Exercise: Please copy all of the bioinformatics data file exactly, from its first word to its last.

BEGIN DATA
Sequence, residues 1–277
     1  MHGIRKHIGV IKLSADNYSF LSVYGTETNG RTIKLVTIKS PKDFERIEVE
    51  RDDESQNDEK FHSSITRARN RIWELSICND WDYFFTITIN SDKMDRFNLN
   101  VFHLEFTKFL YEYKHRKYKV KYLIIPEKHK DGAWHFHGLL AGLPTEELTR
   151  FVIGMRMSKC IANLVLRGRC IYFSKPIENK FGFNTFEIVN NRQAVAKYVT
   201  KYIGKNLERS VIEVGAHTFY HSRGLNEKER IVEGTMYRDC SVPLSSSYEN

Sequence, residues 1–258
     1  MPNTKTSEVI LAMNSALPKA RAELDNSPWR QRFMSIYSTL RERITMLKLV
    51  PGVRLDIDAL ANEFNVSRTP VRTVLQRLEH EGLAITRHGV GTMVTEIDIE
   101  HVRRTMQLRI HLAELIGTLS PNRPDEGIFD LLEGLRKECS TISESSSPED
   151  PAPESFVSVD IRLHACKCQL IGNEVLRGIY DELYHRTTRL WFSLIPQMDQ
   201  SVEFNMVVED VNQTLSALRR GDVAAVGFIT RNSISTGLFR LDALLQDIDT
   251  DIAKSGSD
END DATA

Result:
Sequence, residues 1–277
     1  MHGIRKHIGV IKLSADNYSF LSVYGTETNG RTIKLVTIKS PKDFERIEVE
    51  RDDESQNDEK FHSSITRARN RIWELSICND WDYFFTITIN SDKMDRFNLN
   101  VFHLEFTKFL YEYKHRKYKV KYLIIPEKHK DGAWHFHGLL AGLPTEELTR
   151  FVIGMRMSKC IANLVLRGRC IYFSKPIENK FGFNTFEIVN NRQAVAKYVT
   201  KYIGKNLERS VIEVGAHTFY HSRGLNEKER IVEGTMYRDC SVPLSSSYEN

Sequence, residues 1–258
     1  MPNTKTSEVI LAMNSALPKA RAELDNSPWR QRFMSIYSTL RERITMLKLV
    51  PGVRLDIDAL ANEFNVSRTP VRTVLQRLEH EGLAITRHGV GTMVTEIDIE
   101  HVRRTMQLRI HLAELIGTLS PNRPDEGIFD LLEGLRKECS TISESSSPED
   151  PAPESFVSVD IRLHACKCQL IGNEVLRGIY DELYHRTTRL WFSLIPQMDQ
   201  SVEFNMVVED VNQTLSALRR GDVAAVGFIT RNSISTGLFR LDALLQDIDT
   251  DIAKSGSD